The art of a good finance team is knowing when costs need to expand to support growth and spotting opportunities to streamline outgoings and improve efficiency. Typically, this revolves around the company’s greatest asset – its talent. Assessing pay, incentivising
performance, ensuring KPIs are met, and managing expenditure are at the core of the finance function.
Whilst this fundamental remains true, the increase in uptake of technology and digital tools has expanded the scope of the finance team. Today, they play a key role in the wider business progression and are therefore expected to make informed decisions on
a wide range of factors that could drive growth and profitability.
Until recently the energy, productivity and security implications, of smart building management systems were only of interest to facility managers and electrical contractors. Its importance is now more widely appreciated, improving the comfort and productivity
of employees, and reducing expenditure through enhanced energy efficiency.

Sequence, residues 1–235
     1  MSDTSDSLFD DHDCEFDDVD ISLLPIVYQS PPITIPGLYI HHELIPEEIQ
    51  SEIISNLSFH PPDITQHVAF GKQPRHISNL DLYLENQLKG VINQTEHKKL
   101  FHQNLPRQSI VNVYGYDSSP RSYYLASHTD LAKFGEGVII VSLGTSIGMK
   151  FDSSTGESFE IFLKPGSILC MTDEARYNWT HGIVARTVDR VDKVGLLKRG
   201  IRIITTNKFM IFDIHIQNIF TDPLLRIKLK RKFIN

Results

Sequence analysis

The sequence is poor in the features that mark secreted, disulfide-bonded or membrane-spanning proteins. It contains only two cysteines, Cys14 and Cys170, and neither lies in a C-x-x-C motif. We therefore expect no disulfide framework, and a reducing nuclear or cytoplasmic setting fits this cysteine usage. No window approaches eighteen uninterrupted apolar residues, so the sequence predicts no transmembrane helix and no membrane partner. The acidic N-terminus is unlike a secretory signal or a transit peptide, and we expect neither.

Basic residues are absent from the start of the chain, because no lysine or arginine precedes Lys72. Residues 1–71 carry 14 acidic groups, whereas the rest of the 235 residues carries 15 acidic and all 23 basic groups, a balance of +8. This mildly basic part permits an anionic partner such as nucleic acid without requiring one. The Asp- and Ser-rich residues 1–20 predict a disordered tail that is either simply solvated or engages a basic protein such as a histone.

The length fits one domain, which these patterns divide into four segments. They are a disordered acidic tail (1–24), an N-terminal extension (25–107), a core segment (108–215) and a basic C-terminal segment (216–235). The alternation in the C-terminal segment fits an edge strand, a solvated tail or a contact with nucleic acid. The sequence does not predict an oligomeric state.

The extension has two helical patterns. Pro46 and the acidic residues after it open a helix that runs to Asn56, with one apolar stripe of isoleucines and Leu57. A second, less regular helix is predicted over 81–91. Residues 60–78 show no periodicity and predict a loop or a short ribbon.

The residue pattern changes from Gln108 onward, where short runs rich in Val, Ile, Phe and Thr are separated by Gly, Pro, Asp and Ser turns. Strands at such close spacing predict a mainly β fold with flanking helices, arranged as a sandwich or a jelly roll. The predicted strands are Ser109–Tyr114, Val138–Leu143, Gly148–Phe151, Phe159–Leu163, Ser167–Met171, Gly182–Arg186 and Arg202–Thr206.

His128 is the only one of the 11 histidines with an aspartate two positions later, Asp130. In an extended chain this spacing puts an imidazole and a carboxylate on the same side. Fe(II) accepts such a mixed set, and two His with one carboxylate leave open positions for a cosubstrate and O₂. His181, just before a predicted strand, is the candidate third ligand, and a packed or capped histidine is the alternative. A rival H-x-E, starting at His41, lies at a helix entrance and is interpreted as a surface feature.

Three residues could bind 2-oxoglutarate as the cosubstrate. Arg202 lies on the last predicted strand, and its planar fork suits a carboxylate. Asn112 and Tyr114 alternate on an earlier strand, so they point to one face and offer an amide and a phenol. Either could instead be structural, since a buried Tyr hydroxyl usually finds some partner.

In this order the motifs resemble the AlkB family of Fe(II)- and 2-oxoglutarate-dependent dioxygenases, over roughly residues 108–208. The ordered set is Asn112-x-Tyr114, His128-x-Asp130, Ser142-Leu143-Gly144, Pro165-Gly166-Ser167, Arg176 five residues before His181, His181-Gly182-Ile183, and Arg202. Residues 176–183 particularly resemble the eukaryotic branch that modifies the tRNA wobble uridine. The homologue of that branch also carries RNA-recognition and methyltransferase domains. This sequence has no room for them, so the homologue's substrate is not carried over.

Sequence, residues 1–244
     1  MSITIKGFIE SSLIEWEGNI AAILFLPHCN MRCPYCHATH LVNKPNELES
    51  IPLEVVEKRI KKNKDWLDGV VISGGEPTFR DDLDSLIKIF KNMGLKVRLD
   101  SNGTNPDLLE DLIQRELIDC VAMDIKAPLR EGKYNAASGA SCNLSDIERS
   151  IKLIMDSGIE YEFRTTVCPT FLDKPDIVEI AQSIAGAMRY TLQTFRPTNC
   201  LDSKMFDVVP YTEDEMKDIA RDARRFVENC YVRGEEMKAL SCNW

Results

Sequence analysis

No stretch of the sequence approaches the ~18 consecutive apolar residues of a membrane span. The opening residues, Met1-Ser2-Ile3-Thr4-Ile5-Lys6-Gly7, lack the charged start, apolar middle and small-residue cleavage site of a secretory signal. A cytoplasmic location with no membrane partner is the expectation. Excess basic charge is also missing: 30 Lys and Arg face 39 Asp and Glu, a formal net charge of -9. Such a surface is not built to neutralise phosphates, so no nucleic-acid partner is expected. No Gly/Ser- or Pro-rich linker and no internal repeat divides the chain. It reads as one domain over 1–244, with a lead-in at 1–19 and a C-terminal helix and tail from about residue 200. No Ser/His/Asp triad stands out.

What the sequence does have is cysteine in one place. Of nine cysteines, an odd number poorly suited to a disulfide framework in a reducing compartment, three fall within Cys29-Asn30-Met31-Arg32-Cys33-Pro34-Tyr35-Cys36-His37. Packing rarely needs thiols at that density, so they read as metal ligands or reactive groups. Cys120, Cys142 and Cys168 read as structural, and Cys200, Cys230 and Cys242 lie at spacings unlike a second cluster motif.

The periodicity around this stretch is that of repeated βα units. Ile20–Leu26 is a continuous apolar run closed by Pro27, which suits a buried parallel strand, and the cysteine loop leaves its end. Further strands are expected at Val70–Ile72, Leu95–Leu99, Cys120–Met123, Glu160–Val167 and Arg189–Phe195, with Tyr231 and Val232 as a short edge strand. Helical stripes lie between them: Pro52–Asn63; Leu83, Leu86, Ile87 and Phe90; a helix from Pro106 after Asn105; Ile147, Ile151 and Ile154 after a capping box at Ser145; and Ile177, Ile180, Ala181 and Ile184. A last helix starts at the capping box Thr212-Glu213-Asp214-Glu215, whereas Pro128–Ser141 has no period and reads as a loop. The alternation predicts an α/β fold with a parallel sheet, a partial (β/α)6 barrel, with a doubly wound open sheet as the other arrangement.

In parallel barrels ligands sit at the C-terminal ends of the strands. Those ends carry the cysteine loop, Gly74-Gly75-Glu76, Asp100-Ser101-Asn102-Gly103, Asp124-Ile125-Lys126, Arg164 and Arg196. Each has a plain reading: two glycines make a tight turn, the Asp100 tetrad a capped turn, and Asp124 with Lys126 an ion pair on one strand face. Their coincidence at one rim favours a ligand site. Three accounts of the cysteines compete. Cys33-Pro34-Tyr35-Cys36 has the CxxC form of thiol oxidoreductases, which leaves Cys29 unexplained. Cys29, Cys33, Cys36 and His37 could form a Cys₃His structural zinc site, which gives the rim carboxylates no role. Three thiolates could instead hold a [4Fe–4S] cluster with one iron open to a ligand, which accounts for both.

Setting, and reaching, energy targets
A staggering 36% of all energy used today globally is consumed within our buildings, representing a huge potential cost saving. To drive this number
down in commercial environments, we first need the means to measure our current energy use. At Schneider Electric, we now have sight of 95% of our buildings’ energy use in the UK. We are using this information to identify where energy is being wasted and where
we can reduce our energy use. We have targets to reduce energy usage by 5% each year, benefitting both the environment and our overall expenditure.
Smart devices enable real-time measurement and optimisation. In the future, smart buildings will become completely flexible and adaptive to a variety of uses within the same physical building. Spaces will become more interactive and agile to the needs of
the occupant. Behind these buildings will be a series of artificial intelligence-enabled tools that will be able to predict emerging faults, dynamically optimise heating and choose between different sources of energy.